Invented radically new quantum computing design

New South Wales (UNSW) engineers have invented a radical new quantum computing architecture based on new "quantum quintile quotient flip-flops", which promises that big quantum chip production will be dramatically cheaper – and simpler – but thought it was possible at all.

The new design of the chip, described in detail in Nature Communications opens up the possibility of a quantum processor that can be enlarged without precise atomization, which is needed in other approaches. More importantly, it enables qubit – the basic units of information in a quantum computer – to be located at hundreds of nanometers of distance and still remain spareni.

The design was designed by a team led by Andrea Morello, program manager at the Center for Excellence in Quantum Computing and ARC (COC2T) Communications at UNSW in Sidney, who said that making a new design should be readily available in today's technology.

Guilherme Tosi, research associate at CQC2T, has developed this pioneering concept together with Morella and co-authors Fahd Mohiyaddin, Vivien Schmitt and Stefanie Tenberg of CQC2T, with Rajib Rahman and Gerhard Klimeck from the Purdue University of America.

"It's a brilliant design, and like many such conceptual jumps, it's unbelievable that no one has ever remembered it before," Morello said.

"What Guilherme and the team have invented is a new way of defining the" spin qubit "that uses both the electron and core atom. Keyly, this new qubit can be controlled by electrical signals instead of magnetic. Electrical signals are much easier to distribute and localize within the electronic chip. "

It is true that design overrides the challenge with which all silicon-based qubit-based applications are built while teams have built a larger and larger field of qubit: the need to distance them at a distance of just 10-20 nanometers or the distance between only 50 atoms.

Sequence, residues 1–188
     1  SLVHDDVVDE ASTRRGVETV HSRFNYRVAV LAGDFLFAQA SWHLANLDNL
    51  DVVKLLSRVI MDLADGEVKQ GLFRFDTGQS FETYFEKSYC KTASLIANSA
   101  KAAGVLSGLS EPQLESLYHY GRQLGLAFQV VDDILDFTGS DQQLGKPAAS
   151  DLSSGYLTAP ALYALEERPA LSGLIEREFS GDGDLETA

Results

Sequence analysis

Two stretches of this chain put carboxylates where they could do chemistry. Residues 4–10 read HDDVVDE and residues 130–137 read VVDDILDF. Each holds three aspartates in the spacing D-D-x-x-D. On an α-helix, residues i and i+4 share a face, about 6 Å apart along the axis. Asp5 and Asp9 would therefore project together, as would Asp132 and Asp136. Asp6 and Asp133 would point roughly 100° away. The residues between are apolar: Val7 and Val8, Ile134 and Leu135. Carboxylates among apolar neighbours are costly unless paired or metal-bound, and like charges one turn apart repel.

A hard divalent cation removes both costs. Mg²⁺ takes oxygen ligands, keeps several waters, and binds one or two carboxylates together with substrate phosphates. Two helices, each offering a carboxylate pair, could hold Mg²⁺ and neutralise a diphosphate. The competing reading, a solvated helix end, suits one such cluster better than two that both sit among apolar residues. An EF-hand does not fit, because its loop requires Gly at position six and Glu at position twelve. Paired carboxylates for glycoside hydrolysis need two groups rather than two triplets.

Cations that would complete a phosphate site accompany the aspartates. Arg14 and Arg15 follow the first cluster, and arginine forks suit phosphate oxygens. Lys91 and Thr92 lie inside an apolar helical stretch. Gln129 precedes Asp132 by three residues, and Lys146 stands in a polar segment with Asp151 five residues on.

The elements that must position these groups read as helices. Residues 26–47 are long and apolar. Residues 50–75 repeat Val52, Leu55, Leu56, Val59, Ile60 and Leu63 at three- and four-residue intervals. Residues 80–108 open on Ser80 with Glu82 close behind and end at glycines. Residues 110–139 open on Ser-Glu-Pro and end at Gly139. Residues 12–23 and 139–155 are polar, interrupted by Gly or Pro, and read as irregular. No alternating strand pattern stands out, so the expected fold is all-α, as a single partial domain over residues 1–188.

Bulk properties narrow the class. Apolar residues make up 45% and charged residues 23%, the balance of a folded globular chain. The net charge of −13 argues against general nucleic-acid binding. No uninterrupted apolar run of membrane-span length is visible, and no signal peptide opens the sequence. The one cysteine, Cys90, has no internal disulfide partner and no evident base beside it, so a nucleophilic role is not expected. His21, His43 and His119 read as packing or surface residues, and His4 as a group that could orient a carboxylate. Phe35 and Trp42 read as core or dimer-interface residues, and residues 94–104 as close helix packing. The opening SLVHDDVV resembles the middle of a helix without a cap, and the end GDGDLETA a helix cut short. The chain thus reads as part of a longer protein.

"If too close, or too far, the" interwoven "quantum bits – what makes quantum computers so special – does not happen," Tosi said.

Scientists from the UNSW are already leading the world in producing spin cubic meters – with a momentum – on this scale, said Morello. "But if we want to create a thousand or millions of cubic feet so close to one another, it means that all control lines, control electronics, and readers must be made on that nanometric scale with that density of electrodes. This new concept suggests another way. "

At the other end of the spectrum are superconducting circles – pursued by IBM and Google – and ion traps. These systems are large and easier to do, and currently run on the number of operating cubits. But due to their large dimensions, they can face challenges long when they try to compile and work with millions of cubic feet, as they require the most useful quantum algorithms.

"Our new silicon based approach is in the optimum location," said Morello, a professor of quantum engineering at UNSW. "It's easier to produce than at-atomic devices, but still allows to accommodate millions of cubic feet per square millimeter."

In a one-dimensional enclosure used by the Morrell team and applied in Toshiba's new design, the silicon chip is covered with a layer of insulating silicon oxide, on top of which is a sample of metal electrodes working at temperatures near the absolute zero in the presence of a very strong magnetic field .